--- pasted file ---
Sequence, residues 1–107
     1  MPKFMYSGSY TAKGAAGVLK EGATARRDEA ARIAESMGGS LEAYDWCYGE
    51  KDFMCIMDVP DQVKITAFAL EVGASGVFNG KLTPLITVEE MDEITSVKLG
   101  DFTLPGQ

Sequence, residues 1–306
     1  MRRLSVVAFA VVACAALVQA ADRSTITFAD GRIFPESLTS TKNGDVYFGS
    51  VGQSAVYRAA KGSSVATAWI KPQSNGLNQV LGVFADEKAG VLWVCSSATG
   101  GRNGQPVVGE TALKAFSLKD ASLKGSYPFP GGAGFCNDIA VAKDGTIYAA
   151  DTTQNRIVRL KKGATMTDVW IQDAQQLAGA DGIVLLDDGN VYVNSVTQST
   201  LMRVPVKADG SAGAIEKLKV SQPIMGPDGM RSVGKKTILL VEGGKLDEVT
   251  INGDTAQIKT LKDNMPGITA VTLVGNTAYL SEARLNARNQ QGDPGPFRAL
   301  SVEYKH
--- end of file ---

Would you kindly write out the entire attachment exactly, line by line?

Sequence, residues 1–107
     1  MPKFMYSGSY TAKGAAGVLK EGATARRDEA ARIAESMGGS LEAYDWCYGE
    51  KDFMCIMDVP DQVKITAFAL EVGASGVFNG KLTPLITVEE MDEITSVKLG
   101  DFTLPGQ

Sequence, residues 1–306
     1  MRRLSVVAFA VVACAALVQA ADRSTITFAD GRIFPESLTS TKNGDVYFGS
    51  VGQSAVYRAA KGSSVATAWI KPQSNGLNQV LGVFADEKAG VLWVCSSATG
   101  GRNGQPVVGE TALKAFSLKD ASLKGSYPFP GGAGFCNDIA VAKDGTIYAA
   151  DTTQNRIVRL KKGATMTDVW IQDAQQLAGA DGIVLLDDGN VYVNSVTQST
   201  LMRVPVKADG SAGAIEKLKV SQPIMGPDGM RSVGKKTILL VEGGKLDEVT
   251  INGDTAQIKT LKDNMPGITA VTLVGNTAYL SEARLNARNQ QGDPGPFRAL
   301  SVEYKH